#Asia #Japan 115: Their Successful Kickstarter Campaign Almost Bankrupted This Startup


Hardware is hard.

In fact, sometimes the simplest and most straightforward ideas turn out to be the hardest to implement.

Today I’d like you to meet Kyohi Kang the founder and CEO of AtMoph. AtMoph is a programmable window which can display the sights and sounds of hundreds of scenic places from all over the world. It’s an exciting project, and the team attracted a great deal of early interest. They even ran one of the most successful Kickstarter campaigns and a smaller, but still successful, Japanese campaign on Makuake.

But this success almost bankrupted them.

Kyohi and I discuss how this happened and how other startups can avoid falling into the same trap.

We also discuss Kyoto and the fledgeling startup ecosystem that is just starting to spread its wings there.

And we’ll dive into detail about why, unlike most other startups, AtMoph has decided to remain a hardware startup rather than pivoting to software and licensing when presented with that option.

It’s a great discussion, and I think you’ll enjoy it.

Show Notes

What are digital windows and who wants to use them?
What happens when the Kickstarter money runs out?
What are the important differences between crowdfunding in Japan and the US
What hardware startups really need to know about crowdfunding
How you can be bankrupted by crowdfunding too well
How to maintain sales momentum after the crowdfunding period ends
Why you have to choose to be a hardware company or a software company. The dangers of trying to do both.
Why the founders left Tokyo to start a company in Kyoto
How the Osaka and Kyoto startups communities are different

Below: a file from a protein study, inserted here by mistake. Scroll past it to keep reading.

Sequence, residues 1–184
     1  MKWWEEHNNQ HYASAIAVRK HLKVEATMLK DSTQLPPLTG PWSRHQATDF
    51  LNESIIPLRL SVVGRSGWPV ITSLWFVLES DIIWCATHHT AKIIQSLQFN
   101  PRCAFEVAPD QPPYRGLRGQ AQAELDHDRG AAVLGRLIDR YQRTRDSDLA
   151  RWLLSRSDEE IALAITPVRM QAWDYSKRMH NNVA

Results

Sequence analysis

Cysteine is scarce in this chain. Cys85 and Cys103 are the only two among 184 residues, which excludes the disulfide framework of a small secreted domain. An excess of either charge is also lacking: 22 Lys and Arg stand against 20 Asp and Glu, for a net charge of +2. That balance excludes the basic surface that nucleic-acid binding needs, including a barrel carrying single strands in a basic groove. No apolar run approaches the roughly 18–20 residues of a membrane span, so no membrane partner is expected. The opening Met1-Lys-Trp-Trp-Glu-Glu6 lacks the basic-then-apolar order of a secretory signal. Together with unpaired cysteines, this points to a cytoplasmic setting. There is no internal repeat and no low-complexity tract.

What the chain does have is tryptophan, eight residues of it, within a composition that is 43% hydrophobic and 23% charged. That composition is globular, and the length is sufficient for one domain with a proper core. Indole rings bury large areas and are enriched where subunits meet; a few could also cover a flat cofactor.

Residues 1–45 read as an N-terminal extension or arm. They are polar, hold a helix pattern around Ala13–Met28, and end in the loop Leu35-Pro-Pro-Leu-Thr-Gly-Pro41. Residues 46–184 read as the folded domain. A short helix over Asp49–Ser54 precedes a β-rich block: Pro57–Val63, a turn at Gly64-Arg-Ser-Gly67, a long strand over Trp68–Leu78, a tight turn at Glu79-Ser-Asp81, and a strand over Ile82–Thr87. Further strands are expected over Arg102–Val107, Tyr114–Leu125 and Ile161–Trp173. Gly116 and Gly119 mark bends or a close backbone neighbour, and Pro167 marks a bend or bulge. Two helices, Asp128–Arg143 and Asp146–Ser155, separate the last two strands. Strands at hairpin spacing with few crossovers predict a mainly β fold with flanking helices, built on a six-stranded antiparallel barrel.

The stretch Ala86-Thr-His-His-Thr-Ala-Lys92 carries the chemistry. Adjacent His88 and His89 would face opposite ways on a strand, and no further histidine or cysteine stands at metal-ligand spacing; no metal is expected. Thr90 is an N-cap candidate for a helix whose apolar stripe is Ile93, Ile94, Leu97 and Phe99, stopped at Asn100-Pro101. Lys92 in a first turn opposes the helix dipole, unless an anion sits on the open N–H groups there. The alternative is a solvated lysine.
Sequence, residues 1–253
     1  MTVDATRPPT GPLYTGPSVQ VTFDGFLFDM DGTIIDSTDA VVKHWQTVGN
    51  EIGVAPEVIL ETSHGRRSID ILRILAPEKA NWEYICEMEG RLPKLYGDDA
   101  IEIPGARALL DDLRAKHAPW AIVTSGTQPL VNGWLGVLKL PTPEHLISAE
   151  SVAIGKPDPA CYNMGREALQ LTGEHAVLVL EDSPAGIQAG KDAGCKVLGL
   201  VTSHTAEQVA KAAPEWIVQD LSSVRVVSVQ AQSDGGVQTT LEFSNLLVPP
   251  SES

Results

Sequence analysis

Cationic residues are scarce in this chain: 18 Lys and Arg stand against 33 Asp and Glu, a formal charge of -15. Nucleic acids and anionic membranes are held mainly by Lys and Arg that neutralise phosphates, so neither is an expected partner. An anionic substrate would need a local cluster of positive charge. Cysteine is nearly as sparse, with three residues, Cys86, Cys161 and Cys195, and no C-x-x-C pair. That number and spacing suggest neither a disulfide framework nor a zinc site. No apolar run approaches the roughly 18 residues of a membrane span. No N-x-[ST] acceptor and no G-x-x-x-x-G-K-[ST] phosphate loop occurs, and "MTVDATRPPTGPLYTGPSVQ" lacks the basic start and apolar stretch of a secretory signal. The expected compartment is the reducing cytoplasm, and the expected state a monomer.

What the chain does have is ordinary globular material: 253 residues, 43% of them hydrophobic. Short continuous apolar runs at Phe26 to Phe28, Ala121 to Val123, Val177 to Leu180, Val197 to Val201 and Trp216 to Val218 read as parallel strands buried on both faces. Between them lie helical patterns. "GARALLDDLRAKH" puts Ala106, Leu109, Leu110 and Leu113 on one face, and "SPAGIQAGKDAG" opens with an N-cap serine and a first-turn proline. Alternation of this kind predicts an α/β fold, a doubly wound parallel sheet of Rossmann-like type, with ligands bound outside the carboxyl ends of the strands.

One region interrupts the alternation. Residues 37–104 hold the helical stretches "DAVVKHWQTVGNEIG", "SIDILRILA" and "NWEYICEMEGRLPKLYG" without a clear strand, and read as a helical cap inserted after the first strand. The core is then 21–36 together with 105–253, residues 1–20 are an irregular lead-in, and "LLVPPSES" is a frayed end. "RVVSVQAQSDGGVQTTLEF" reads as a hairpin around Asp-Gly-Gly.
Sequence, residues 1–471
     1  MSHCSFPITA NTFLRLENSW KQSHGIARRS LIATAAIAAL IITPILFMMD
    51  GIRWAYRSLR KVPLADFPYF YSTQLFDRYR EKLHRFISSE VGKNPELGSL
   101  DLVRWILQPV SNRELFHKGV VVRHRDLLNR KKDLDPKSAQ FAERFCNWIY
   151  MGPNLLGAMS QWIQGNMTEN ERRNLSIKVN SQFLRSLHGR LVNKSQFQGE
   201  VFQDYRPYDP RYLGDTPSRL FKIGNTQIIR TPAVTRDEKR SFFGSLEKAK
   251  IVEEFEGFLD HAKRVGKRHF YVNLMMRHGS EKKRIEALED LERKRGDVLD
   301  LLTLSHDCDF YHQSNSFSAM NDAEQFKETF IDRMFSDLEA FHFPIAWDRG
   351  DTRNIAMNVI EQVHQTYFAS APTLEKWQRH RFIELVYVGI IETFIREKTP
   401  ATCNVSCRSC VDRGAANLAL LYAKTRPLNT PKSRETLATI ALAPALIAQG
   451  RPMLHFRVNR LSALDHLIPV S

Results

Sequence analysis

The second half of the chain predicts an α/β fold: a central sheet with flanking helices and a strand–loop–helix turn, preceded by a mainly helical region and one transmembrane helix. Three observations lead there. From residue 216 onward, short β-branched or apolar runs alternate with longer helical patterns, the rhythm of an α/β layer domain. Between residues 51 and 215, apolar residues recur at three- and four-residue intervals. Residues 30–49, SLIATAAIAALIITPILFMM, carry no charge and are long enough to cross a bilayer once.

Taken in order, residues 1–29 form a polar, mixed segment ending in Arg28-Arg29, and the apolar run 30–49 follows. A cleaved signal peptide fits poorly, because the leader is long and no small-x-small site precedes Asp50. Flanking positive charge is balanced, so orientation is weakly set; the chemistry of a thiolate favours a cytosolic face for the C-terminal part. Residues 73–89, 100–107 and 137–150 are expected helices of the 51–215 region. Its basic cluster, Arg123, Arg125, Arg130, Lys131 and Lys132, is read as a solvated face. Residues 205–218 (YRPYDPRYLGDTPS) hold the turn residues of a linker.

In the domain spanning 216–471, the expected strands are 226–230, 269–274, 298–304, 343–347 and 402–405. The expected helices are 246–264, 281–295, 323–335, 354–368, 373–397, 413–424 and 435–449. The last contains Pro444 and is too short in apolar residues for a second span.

Links from the Founder

Check out AtMoph – You won’t really get it until you see it.
Friend Kyuhi on Facebook
Follow him on Twitter @kyohik
AtMoph’s Social Sites

AtMpoh on Twitter
AtMpoh on Facebook
AtMpoh on Instagram

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Welcome to Disrupting Japan, straight talk from Japan’s most successful entrepreneurs.

I’m Tim Romero and thanks for joining me.

You know, I was moderating a discussion panel at the big Hakusuka event last month and before things kicked off, I sat down at a café with Kyohi Kang, the found of AtMoph. Now, AtMoph is one of those ideas that is so obvious once you see it that you’re sure that someone has thought of it before. In fact, you’re pretty sure that you’ve thought of it before.

We did, right? And yet, AtMoph seems to be the only company in the world that is producing this product. What is it? Well, I’m getting to that.

You’ll hear a lot of the details during the interview and it’s always challenging to describe something so intensely visual on an audio podcast, but AtMoph is literally a window onto the world. It’s a 27-inch diameter monitor that’s mounted in a picture frame and it displays the sights and sounds of, well, anywhere, really: a window onto a Polynesian beach, a Roman Piazza – anywhere.

Kyohi and I also talk about how AtMoph’s very successful Kickstarter campaign almost bankrupted his company and since the team has run crowdfunding campaigns in both the US and Japan, we’ll go over some of the most important differences between the platforms in both countries, and more importantly, the important differences about the customers and the customer expectations in both countries, and even though we met in Osaka, we talk a lot about Kyoto.

Kyoto has the potential to become one of the most important startup communities in Japan. It’s not quite there yet but there’s a lot of promising signs and a lot of promising startups, for that matter.

But you know, Kyohi tells that story much better than I can. So let’s get right to the interview.


Tim: So I’m sitting here with Kyohi Kang of AtMoph and it’s kind of a digital window, so thanks for sitting down with me.

Kyohi: Thank you for inviting for this interview.

Tim: I think you guys have got a really,

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